Silage is top choice for these three beef producers



Editor’s note: The following is part two of a two-part series that will help you to evaluate the advantages and disadvantages of silage production across Canada. Read part one on silage cost of production. 

Many Canadian beef producers have been harvesting and feeding silage for decades, while others are relatively new to the practice. There are upsides to silage, including the ability to harvest forage during variable weather, being able to produce more feed on fewer acres, and the potential for a more economical feed ration. There are also drawbacks to consider, including additional feeding infrastructure and equipment investment. Also, as with any new method or management practice, producers considering silage need to do their homework, develop a new skillset and be prepared to adapt and adjust as they learn.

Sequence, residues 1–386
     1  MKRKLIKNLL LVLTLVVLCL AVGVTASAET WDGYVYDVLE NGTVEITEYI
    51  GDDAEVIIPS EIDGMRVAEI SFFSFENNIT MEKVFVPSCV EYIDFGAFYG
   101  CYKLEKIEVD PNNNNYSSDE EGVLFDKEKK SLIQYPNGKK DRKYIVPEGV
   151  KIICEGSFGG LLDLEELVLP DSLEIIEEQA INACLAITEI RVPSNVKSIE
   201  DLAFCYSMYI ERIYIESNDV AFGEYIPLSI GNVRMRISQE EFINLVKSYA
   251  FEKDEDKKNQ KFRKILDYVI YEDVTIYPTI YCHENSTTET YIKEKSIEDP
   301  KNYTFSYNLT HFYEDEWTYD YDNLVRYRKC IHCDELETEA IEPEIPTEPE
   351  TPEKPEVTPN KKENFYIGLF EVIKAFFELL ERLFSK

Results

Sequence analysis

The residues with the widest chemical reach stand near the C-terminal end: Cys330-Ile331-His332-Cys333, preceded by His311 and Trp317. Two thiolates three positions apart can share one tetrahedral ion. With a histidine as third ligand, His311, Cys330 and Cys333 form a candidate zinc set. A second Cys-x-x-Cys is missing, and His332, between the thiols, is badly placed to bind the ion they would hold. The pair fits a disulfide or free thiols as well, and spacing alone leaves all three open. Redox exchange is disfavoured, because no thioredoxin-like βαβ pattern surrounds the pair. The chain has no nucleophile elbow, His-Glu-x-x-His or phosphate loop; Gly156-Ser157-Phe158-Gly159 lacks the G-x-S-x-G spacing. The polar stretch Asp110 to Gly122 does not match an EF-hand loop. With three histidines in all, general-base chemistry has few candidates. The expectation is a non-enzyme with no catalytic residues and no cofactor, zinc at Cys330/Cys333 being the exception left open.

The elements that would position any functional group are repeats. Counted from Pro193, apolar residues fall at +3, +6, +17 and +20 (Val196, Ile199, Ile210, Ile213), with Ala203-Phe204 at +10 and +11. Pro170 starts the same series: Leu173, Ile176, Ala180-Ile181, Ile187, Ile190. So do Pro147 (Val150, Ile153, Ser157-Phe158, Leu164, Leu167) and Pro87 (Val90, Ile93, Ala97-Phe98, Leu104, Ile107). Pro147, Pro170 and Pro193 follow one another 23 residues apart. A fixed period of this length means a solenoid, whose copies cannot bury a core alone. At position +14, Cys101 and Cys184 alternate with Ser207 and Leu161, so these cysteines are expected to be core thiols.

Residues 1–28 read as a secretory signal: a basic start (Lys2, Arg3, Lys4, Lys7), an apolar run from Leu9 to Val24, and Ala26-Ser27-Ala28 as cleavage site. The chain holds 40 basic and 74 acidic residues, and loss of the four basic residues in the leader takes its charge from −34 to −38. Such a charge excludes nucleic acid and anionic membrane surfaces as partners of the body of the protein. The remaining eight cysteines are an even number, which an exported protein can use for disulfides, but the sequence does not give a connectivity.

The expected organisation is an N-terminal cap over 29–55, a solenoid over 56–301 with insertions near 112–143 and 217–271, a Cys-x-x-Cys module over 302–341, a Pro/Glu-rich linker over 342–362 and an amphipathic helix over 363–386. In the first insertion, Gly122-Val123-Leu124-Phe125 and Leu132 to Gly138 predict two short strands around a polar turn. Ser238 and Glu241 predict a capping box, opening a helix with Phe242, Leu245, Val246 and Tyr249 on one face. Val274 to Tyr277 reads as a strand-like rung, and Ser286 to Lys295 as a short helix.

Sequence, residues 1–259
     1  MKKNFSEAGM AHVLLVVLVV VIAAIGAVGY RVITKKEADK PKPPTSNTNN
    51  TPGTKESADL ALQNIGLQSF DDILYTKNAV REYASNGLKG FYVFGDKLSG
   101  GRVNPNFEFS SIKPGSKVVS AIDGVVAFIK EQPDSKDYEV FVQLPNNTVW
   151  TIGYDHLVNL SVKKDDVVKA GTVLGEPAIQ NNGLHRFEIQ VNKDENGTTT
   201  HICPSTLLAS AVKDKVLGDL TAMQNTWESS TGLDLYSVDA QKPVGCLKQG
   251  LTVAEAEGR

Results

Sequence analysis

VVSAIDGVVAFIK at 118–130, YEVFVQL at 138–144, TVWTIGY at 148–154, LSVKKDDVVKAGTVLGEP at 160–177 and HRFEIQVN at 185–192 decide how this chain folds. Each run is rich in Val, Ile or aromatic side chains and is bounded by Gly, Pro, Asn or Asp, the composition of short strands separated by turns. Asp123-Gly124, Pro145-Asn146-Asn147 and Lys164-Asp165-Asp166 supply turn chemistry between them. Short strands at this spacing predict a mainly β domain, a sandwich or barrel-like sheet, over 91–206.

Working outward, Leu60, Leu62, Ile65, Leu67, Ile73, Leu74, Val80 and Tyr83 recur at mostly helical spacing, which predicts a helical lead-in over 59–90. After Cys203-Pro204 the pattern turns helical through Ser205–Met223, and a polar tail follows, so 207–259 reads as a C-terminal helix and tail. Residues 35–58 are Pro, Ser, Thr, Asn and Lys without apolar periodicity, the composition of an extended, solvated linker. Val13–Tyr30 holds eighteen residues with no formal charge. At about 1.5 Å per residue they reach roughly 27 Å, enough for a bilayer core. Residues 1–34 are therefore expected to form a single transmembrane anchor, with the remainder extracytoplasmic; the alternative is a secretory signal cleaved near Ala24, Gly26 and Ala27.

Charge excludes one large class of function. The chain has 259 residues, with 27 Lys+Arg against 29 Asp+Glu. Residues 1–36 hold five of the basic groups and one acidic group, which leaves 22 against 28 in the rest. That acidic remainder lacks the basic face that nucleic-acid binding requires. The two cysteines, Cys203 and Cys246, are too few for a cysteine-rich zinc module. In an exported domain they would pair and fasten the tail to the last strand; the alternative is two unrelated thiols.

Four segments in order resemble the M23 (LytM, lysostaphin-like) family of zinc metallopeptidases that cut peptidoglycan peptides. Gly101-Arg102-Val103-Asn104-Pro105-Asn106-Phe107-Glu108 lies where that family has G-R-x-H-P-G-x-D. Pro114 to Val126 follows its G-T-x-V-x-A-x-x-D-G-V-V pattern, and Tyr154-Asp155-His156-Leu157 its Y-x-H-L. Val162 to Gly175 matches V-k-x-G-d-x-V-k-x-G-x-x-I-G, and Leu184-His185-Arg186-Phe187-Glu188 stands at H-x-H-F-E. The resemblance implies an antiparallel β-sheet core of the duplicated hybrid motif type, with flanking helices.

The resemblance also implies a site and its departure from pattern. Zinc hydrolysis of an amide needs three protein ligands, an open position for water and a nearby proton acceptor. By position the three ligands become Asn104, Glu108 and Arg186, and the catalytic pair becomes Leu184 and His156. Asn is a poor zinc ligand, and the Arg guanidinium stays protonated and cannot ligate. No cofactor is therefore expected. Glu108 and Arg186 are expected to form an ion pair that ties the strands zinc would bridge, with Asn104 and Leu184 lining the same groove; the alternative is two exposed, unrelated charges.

Read about the experiences of three beef farmers from across Canada who have incorporated silage on their farms.

Kevin Duddridge
Pansy, Manitoba

Kevin Duddridge describes silage as the “future of beef production” and has been relying on silage to feed his cow herd for the past five years. Duddridge and his family run a 220 head cow-calf operation that they started in 2003 and they feed a total mixed ration based on corn silage. “We don’t use dry bales at all because it’s hit and miss from year to year,” says Duddridge, who added that their cost of production has reduced since shifting away from dry hay. “Corn is an amazing plant. It has a root that will find water in dry years, and in years where conventional hay fails, you will still get a crop of corn,” Duddridge explains. “It’s basically half the price per pound of dry matter for our production costs,” he adds. Continue reading